According to Natural News, despite a major setback last month when the U.S. House of Representatives voted 275-150 to pass legislation that would prohibit states from enacting the labeling of genetically modified organisms (GMOs), the Right to Know movement continues to gain traction as it lays its eyes upon the Lone Star State.
As the old saying goes: “Everything is bigger in Texas,” and the GMO-labeling movement is no exception. Passing GMO-labeling in Texas, a sizable state known for its stable economy, would surely have a strong and lasting impact on Big Food and chemical companies like Monsanto and DuPont. Introduced in late March by Texas State Representative Carol Alvarado of Houston (D-Texas), HB 3499 requires foods containing GMOs to be accurately labeled in Texas, as such ingredients have been linked to a multitude of health problems including cancer, infertility, autism, attention-deficit disorder, food allergies and many more.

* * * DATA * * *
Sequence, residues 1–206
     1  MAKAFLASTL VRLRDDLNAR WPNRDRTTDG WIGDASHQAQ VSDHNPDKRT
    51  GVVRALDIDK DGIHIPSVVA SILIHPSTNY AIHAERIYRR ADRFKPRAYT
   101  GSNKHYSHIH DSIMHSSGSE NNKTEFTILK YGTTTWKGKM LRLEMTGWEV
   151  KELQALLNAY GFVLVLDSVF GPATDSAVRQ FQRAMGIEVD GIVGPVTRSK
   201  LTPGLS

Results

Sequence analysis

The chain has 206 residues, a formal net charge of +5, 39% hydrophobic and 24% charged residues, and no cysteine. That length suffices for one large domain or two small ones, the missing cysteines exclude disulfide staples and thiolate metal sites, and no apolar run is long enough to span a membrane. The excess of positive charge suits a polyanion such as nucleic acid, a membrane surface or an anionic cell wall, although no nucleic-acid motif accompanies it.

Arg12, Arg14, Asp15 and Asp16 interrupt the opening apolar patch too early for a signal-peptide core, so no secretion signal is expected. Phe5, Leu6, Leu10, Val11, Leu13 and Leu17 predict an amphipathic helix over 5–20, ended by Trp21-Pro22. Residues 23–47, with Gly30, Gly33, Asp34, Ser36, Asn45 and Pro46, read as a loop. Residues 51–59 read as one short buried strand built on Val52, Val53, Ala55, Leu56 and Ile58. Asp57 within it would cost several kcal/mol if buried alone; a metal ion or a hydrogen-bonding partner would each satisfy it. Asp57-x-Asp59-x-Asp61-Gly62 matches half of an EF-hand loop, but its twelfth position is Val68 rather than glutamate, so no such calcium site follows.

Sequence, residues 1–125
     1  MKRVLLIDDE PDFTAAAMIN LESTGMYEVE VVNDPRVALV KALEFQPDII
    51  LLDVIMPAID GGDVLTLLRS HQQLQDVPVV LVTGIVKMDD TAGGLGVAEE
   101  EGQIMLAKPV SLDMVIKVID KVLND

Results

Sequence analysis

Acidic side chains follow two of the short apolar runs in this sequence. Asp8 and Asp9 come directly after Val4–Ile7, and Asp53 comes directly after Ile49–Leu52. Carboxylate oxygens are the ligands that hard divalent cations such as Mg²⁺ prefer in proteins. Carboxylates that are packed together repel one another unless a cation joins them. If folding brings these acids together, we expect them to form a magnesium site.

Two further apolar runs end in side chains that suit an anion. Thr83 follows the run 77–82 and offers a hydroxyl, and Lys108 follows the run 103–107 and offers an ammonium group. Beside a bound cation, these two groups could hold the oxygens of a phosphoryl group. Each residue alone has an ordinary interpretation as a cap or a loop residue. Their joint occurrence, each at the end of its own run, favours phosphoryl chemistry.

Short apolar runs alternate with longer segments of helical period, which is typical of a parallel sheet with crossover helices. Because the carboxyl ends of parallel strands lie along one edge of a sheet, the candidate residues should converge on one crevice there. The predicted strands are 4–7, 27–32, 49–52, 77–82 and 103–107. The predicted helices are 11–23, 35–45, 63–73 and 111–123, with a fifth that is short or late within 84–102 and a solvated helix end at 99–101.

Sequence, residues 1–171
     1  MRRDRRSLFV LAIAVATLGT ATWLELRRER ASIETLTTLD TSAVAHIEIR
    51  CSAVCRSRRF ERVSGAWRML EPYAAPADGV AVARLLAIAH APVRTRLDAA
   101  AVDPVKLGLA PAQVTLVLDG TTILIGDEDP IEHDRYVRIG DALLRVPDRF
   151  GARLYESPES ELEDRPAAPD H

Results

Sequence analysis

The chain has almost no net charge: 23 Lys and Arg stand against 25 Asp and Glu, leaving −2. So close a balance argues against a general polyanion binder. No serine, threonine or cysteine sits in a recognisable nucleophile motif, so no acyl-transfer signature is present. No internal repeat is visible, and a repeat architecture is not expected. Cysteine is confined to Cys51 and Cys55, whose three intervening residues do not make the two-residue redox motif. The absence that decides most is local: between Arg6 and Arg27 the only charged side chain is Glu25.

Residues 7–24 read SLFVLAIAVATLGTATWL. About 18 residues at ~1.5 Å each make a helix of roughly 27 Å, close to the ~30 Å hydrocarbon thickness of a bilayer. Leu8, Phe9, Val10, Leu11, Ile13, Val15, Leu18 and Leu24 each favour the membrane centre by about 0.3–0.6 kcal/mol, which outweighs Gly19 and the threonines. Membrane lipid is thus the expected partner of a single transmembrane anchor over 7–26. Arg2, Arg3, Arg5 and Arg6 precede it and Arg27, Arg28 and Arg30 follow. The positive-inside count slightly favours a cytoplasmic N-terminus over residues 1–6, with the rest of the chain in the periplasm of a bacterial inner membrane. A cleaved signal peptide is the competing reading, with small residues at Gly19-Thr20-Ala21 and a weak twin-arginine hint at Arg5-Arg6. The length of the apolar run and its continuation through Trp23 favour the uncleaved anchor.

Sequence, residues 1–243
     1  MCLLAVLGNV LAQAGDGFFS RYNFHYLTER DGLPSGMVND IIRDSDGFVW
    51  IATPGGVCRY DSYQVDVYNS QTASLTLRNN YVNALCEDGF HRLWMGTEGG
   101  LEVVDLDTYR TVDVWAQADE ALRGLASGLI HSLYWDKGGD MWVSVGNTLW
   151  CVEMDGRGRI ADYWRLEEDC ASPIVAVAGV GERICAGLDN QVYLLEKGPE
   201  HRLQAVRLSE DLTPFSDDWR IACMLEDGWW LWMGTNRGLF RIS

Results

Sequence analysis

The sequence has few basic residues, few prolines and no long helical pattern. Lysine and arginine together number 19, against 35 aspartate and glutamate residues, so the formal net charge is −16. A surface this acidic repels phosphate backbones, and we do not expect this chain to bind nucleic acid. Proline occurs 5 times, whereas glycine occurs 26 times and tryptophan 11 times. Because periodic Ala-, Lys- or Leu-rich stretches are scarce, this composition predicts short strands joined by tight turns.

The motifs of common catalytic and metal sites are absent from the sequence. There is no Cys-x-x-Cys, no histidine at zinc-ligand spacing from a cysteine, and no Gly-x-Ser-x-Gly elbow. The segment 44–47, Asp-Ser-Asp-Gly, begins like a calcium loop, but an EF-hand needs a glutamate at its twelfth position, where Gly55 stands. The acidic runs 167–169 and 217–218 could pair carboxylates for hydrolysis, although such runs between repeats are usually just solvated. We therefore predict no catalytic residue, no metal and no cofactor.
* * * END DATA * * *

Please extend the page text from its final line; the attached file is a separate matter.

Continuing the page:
More than 70 bills seeking to mandate the labeling of GMOs have been proposed in at least 30 states, with some of the most recent being in Florida, Montana, Arizona, Iowa, Missouri, Minnesota, Illinois, Tennessee, Indiana, New York, New Jersey and Massachusetts.
While it’s unfortunate that the House passed the Safe and Accurate Food Labeling Act of 2015, also termed the DARK (Denying Americans the Right to Know) Act by consumer activists, which prohibits states from enacting their own GMO-labeling laws, the bill would still need to be approved by the Senate.
Jeffrey Smith is the author of Seeds of Deception, which exposes the U.S. government and the chemical-agriculture “biotechnology” industry, a.k.a. “Biotech,” for misleading consumers and endangering their health with genetically engineered food. Smith digs into Biotech’s lies about the safety of their experimentation with pesticide genes in food, and we see how lobbyists and representatives of the chemical-agriculture industry mislead legislatures and safety officials alike, in order to put the health of society on the back burner and allow chemicals to invade the U.S. and world food supply.
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